As is usual in September, most days were fine, and they were much warmer than the nights. The afternoon humidity was low (24%), but not nearly as low as in 2013 (15%).
Rain fell on only four days, with the highest reading 8.6 mm on the 4th.

Weather log for September 2015

 Comparing September months

In a dramatic change from August, both days and nights were very cold, as they were in September 2004.
The aridity was not quite as bad as in 2013, when the dew point was lower and there was less cloud.
Such cold, dry conditions are not those of an El Niño event (hot and dry) or of a La Niña event (cold and wet). If more extreme, they would be those of a glacial period.
The rainfall of 15.9 mm was well below average, in the 22nd percentile. There are still no serious shortages in rainfall totals for small numbers of months. A severe shortage (4th percentile) has appeared in the 30 month total (1186 mm). There are still deep ponds in Greenhatch Creek.

Climate for September 2015


Data. All data, including subsoil at 750 mm, are from 3 Monash Street, Manilla. Rainfall data up to 26/3/15 is from Manilla Post Office, Station 055031.

3-year trends to September 2015

Parametric plots of smoothed climate variables at Manilla
“September 2015: cold and dry”

Trends to September 2015

 

September raw anomaly data (orange)

September brought big changes in all raw values of climate anomalies, except for daily temperature range, which stayed rather low.
There was a sharp drop in temperatures: maximum, minimum and subsoil.
Moisture measures – rainfall, cloud and dew point – all fell.

These transitory values are unlike either the hot arid values of El Niño conditions in eastern Australia or the cold moist La Niña conditions. They are like a mild form of the cold arid conditions that are thought to have occurred in glacial periods.

 Fully smoothed data (red)

Fully-smoothed anomaly values for March 2015 continued the trends of late summer. Most moved further away from drought. Daily minimum temperature became static, and subsoil temperature began to rise.


Note:

Fully smoothed data – Gaussian smoothing with half-width 6 months – are plotted in red, partly smoothed data uncoloured, and raw data for the last data point in orange. January data points are marked by squares.
Blue diamonds and the dashed blue rectangle show the extreme values in the fully smoothed data record since September 1999.

Normal values are based on averages for the decade from March 1999.* They appear on these graphs as a turquoise (turquoise) circle at the origin (0,0). A range of anomalies called “normal” is shown by a dashed rectangle in aqua (aqua). For values in degrees, the assigned normal range is +/-0.7°; for cloudiness, +/-7%; for monthly rainfall, +/-14 mm.

 * Normal values for rainfall are based on averages for the 125 years beginning 1883.

2011-12 Summer Cold and Wet

Weather log summer 2011-12.In the whole of this summer, only 3 days went over 35° (usually 23) and only 5 nights went over 20° (usually 19).

The smoothed curves of temperature reached up as high as normal only twice. In early January both days and nights were normal. Later, with persistent rain around the 1st of February, nights warmed to normal, but days were extremely cold.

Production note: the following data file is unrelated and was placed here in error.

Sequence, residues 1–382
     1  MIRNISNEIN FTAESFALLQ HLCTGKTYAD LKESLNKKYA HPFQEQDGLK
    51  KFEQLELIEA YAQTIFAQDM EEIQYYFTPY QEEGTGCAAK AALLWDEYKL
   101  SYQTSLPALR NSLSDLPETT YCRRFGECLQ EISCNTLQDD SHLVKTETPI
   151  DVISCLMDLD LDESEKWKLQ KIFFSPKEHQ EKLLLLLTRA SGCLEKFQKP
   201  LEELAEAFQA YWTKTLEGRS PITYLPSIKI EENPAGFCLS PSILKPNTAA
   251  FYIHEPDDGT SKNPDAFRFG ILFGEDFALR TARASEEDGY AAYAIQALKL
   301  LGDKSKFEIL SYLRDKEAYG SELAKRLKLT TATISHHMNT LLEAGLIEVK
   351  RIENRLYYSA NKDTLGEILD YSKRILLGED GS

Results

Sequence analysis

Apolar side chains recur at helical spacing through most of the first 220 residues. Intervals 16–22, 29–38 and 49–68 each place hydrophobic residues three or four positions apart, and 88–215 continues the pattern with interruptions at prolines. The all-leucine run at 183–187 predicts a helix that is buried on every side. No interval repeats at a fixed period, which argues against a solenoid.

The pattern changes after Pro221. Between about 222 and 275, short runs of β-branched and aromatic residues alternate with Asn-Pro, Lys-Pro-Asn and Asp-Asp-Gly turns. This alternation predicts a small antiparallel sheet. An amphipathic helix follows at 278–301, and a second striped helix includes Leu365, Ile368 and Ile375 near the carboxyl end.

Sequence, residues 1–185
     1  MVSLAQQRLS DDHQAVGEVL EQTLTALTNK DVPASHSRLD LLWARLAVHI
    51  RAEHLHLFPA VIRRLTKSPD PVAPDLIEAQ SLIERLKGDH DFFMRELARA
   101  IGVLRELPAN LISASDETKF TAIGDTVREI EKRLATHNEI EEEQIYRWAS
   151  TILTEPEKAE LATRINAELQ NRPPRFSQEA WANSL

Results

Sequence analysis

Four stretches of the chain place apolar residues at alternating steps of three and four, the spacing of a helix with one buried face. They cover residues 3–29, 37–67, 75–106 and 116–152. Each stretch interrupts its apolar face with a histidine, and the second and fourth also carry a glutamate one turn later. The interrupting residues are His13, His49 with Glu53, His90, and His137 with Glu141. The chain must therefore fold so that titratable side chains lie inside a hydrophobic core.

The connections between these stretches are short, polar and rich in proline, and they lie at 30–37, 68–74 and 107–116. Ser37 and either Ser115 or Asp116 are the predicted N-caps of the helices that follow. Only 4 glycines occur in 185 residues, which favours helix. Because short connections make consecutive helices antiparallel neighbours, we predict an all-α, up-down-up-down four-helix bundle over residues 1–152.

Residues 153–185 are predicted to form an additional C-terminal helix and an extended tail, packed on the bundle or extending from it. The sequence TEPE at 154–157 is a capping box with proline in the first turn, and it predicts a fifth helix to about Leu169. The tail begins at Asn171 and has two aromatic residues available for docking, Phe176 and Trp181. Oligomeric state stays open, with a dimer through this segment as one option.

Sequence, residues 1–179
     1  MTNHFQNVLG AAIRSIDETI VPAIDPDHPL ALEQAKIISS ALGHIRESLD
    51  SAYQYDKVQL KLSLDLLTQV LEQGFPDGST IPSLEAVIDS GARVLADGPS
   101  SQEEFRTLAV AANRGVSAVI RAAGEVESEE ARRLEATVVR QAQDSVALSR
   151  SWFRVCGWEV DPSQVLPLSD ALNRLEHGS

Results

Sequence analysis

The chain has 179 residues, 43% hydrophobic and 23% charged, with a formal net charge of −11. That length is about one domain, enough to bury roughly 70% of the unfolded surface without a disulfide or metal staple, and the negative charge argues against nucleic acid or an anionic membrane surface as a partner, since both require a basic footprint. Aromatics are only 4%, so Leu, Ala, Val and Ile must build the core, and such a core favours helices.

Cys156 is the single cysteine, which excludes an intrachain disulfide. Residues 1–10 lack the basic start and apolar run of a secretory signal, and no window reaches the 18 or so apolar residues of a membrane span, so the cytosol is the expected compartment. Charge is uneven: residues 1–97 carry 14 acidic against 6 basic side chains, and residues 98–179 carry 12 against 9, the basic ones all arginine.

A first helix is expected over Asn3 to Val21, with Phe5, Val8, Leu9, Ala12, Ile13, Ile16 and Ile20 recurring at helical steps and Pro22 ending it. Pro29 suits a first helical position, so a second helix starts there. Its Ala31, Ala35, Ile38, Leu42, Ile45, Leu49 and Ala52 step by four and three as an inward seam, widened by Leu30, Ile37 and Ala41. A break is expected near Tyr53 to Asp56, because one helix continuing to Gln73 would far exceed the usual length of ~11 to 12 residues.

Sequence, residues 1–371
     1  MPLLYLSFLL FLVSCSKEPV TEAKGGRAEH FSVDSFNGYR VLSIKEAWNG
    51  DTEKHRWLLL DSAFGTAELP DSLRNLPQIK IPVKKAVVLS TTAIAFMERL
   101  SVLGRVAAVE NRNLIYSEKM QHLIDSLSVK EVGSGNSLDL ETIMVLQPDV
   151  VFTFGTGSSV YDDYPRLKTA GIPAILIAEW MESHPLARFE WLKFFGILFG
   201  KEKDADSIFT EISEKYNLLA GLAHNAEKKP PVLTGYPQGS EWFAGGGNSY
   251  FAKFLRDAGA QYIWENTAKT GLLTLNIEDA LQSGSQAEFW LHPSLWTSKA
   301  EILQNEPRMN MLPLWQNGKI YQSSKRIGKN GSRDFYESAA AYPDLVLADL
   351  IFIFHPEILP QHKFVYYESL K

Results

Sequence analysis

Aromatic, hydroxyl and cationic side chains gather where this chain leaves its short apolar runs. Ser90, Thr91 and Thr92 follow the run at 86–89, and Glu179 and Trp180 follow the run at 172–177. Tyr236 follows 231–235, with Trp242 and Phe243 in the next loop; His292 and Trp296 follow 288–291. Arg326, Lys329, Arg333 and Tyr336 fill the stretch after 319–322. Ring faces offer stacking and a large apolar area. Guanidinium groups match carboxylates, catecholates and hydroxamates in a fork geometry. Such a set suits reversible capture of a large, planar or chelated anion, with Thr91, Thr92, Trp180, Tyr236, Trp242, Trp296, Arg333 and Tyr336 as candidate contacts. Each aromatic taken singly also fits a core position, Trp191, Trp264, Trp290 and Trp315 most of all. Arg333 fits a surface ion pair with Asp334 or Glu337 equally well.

All the mean daily temperatures were the lowest in 13 summers: maximum 28.9°, mean 22.2°, and minimum 15.4°. Summer ’07-’08 had been just slightly warmer.
Daily temperature range this summer (13.5°) was very narrow, as in ’07-’08 and ’10-’11; all wet summers with very cloudy skies. Strangely, this cloudy wet summer had very low humidity, with morning Dew Point (12.7°) the lowest on this record.
While this was a very wet summer, at 333 mm, it was only the 19th wettest (86th percentile), and not much wetter than summers 4, 6, and 8 years ago.Climate summer 2011-12.

Data. Rainfall data is from Manilla Post Office, courtesy of Phil Pinch. Temperatures, including subsoil at 750 mm, and other data are from 3 Monash Street, Manilla.

Wet cloudy October 2011 began cold

The daily weather logWeather log October 2011.

October began very cold throughout NSW, southern Queensland and central Australia. At Manilla the maximum on Sunday the 2nd was only 13.4°: 12.6° below normal, and the coldest October day in 13 years. During the month, the air slowly warmed up to normal. The subsoil was also very cold in the second week, but only slightly cool later.
Rain fell every few days except for the week beginning on Sunday the 16th. Most rain came as showers or storms. The highest reading was 22.6 mm on the 26th. In 10 rain days (3 more than usual) the total was 97.4 mm.

 Comparing October monthsClimate October 2011.

Mean temperature readings and the Dew Point were well below normal. The average October temperature has fallen steadily since October 2007.  While that month was rather dry and sunny, October 2002 was much drier (15 mm rain) and sunnier (only 6% cloudy days).
Fifty-eight percent cloudy mornings is a record high value for October, equal with last year, and more than twice normal.
The rainfall of 97.4 mm is very high, in the 84th percentile for October (Average: 58.1 mm.). Most rainfall totals for groups of months are now high. Among groups of 108 months or less, the driest is the 30-month total which is not very dry: in the 37th percentile. In that 30 months there was 1516 mm of rain, just 100 mm below normal.


Data. Rainfall data is from Manilla Post Office, courtesy of Phil Pinch. Temperatures, including subsoil at 750 mm, and other data are from 3 Monash Street, Manilla.